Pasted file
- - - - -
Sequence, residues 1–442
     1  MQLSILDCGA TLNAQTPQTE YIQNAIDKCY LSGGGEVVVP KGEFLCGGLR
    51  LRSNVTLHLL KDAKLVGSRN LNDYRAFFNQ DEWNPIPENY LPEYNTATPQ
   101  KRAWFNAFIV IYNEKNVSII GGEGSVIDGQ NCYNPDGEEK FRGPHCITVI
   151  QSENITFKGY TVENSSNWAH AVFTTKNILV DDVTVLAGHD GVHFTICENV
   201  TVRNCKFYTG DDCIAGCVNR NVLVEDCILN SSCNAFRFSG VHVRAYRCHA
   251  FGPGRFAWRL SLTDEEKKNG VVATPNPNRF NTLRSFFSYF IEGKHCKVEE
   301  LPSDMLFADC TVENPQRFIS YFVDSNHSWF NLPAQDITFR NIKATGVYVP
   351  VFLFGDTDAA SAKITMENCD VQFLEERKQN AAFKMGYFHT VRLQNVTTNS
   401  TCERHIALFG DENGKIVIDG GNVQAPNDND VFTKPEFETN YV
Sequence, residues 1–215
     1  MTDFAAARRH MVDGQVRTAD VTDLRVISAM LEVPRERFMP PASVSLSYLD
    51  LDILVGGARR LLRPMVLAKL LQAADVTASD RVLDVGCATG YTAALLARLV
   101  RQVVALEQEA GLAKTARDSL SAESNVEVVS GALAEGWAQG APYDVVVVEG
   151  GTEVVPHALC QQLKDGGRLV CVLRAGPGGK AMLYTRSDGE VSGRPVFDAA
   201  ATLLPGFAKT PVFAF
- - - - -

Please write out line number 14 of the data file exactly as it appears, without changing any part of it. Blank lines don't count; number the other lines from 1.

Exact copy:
   101  RQVVALEQEA GLAKTARDSL SAESNVEVVS GALAEGWAQG APYDVVVVEG